PROVIDENCE – The Senate Finance Committee unanimously approved Sen. Marc Cote’s bill to approve a $2.5 million supplemental property tax levy in Woonsocket on Tuesday.
The measure will now go to the full Senate, but Cote said if it is approved there, it will be held until other parts of the plan to reduce Woonsocket’s deficit plan are concluded. These include negotiations that Mayor Leo Fontaine and Budget Commission Chairman William Sequino are currently conducting with city employees and retirees to cut payroll and pension costs.
At the same hearing, Woonsocket officials also made a pitch to extend tax exempt status to the Stadium Theatre. That bill, also sponsored by Cote, was held for further study by the committee.
Cote told The Call that the idea of passing the bill in the Senate now will send a signal that the General Assembly and the taxpayers stand ready to be part of the overall solution to Woonsocket’s budget problems.
“There are other parties of interest that have contributions to make,” Cote told the committee.
“We have to get this issue behind us because right now the city of Woonsocket is basically paralyzed by the uncertainty, economically, of what is coming down the road with respect to taxation and the whole financial structure of our city,” the 10-term Democrat said. “I think it is in everyone’s best interest to contribute to come up with a solution to this problem sooner rather than later.”
Schools Supt. Giovanna Donoyan told the panel she was asking for the committee’s support for the bill on behalf of 6,000 children in Woonsocket who are at risk for their teachers not being paid (and the school department’s) vendors not being paid.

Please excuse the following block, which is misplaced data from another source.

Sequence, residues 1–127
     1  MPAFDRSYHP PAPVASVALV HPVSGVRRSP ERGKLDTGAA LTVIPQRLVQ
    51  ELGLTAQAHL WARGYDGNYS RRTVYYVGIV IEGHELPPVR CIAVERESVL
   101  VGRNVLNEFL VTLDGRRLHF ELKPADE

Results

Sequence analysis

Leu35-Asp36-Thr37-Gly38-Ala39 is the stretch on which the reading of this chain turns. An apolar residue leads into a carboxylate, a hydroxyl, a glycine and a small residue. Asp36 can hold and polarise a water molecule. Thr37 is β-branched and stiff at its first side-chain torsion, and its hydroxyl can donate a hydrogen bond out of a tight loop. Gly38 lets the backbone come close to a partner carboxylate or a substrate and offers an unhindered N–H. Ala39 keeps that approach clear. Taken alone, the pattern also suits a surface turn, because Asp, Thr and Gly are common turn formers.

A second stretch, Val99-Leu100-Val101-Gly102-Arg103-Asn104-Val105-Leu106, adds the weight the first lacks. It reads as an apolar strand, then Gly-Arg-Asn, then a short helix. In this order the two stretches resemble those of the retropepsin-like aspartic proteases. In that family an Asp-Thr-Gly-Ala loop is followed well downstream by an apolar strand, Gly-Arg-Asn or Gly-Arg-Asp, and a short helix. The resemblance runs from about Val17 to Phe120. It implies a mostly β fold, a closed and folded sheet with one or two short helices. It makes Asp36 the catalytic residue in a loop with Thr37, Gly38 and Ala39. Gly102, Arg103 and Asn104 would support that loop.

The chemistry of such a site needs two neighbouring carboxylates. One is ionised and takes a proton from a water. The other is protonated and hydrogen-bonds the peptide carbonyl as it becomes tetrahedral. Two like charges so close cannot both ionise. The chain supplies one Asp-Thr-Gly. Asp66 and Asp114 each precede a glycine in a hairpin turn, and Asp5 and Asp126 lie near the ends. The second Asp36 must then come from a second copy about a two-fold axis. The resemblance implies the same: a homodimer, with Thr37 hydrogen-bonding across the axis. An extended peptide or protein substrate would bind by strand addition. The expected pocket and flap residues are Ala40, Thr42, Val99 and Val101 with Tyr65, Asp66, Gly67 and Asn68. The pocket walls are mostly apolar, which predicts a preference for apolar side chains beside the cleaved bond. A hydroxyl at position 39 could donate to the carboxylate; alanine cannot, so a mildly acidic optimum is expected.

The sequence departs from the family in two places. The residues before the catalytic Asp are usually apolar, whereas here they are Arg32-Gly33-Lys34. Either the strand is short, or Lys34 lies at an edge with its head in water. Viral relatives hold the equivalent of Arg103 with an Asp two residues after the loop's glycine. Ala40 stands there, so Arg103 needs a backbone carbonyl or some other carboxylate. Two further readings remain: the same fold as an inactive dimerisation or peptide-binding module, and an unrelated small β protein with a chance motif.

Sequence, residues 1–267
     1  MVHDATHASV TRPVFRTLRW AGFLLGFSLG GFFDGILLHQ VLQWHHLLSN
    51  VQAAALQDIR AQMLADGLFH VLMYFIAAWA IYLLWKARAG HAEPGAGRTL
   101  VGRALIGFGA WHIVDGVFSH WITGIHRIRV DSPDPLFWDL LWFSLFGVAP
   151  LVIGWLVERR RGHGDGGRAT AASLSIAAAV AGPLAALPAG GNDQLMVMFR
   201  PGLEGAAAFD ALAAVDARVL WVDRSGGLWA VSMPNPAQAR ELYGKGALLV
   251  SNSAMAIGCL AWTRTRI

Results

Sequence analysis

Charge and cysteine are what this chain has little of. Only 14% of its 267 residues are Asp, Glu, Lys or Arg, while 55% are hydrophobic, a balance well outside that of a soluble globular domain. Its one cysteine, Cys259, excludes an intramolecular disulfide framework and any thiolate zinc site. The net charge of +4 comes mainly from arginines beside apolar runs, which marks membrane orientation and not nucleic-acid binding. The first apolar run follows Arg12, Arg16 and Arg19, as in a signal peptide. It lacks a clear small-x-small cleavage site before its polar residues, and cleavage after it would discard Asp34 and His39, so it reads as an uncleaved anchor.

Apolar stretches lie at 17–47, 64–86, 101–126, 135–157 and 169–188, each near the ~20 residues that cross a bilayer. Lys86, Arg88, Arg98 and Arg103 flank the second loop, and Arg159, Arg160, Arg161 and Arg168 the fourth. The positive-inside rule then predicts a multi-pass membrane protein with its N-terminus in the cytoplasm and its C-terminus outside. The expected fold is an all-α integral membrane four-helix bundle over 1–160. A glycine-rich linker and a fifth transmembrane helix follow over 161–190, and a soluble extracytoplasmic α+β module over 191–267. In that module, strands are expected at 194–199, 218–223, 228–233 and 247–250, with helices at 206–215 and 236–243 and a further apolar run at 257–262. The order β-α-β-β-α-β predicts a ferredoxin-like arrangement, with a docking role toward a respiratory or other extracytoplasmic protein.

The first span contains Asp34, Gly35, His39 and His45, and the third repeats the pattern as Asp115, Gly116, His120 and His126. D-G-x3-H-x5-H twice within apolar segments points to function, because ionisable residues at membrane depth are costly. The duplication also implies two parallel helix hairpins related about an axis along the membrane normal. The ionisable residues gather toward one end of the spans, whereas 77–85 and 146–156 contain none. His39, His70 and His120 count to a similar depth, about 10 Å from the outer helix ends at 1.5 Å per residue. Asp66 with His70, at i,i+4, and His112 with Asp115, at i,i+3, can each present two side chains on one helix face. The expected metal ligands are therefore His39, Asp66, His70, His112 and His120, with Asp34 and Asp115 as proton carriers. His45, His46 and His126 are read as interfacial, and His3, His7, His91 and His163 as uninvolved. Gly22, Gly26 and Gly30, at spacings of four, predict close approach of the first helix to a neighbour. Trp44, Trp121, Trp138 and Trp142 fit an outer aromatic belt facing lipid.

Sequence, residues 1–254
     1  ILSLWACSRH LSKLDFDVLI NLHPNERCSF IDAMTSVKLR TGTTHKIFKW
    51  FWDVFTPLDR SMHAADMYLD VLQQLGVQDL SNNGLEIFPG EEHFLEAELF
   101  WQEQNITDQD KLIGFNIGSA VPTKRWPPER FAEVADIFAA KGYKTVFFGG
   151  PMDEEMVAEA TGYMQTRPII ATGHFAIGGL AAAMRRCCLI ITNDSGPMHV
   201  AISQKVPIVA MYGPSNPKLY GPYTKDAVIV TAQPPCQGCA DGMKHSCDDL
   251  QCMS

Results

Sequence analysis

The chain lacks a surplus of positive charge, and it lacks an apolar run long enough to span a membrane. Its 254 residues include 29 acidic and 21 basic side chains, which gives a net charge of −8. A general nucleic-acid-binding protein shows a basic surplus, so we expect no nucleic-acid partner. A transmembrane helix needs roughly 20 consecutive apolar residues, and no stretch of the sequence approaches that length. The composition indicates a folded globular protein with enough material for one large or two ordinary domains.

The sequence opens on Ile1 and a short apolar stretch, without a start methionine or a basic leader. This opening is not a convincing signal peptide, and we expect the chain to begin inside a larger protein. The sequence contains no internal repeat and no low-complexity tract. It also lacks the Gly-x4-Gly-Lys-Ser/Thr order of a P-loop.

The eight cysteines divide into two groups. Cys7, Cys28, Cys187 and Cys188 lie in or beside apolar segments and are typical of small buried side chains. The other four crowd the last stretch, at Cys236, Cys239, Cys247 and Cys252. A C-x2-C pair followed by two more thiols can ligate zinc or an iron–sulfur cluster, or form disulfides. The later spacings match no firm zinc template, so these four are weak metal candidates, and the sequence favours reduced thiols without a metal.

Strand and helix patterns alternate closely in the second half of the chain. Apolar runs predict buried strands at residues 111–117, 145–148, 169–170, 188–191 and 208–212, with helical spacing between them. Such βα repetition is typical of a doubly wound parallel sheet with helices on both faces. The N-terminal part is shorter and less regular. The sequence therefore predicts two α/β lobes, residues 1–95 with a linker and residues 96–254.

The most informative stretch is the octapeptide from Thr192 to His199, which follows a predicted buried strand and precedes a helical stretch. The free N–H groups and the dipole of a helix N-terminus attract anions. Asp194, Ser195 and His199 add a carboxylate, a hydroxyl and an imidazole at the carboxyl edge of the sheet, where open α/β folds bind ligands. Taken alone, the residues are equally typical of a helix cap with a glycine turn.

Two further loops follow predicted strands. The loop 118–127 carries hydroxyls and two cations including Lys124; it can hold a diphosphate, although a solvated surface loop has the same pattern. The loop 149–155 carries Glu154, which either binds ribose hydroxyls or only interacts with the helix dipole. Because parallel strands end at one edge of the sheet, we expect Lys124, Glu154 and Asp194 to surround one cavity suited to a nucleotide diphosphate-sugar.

“I need to keep them in school until June 14th, at least,” Donoyan said.
Although the supplemental tax is moving through the Senate, no companion bill has yet been introduced in the House of Representatives. The city’s House delegation is working on a slightly different version of the bill. The Senate bill would allow city residents to be assessed an extra tax of up to 4.6 percent on residential real estate and 12.7 percent on motor vehicles and trailers. That is the plan that came out of the state budget commission, that would take $2 million property taxes and another $500,000 from vehicles. Representatives say the House version will more likely take $1 million from vehicle taxes and $1.5 million from non-resident owners of single-family homes and condominiums.
Rep. Robert Phillips said Tuesday that the final details of that bill are being worked out and it will likely be introduced sometime this week.
Woonsocket Finance Director Thomas Bruce told reporters after the hearing that he would like to see the supplemental tax bills get through the General Assembly and become law by May 15, that would give the city time to get the tax bills im the mail and give city residents 30 days to make the payments so they can be counted in the current fiscal year.
No matter what, Bruce said, city residents will have 30 days to pay the tax before any interest is charged.
As for the timing of the House bill, Bruce conceded, “it’s slower than we wanted.” But he added that city officials are communicating with the delegation and “we know they are working on it.
Asked about Bruce’s hoped-for May 15 passage date, Phillips said, “it could be close.”
Cote said he sees no incongruity in asking for a supplemental property tax in the city while at the same time asking for the Stadium Theatre to be exempt from property tax.
“There are many entities that do good work for the city and they would not be able to exist if we place additional burdens on them,” the senator said.
Cote told the committee that the Stadium “is a great financial and economic generator for our city.
City Council Chairman John Ward handed the committee a council resolution that passed unanimously supporting the exemption for the theater. He said the state budget commission also backs the bill.
“The Stadium is so important to the downtown area,” Ward said, “we hope this bill will pass.”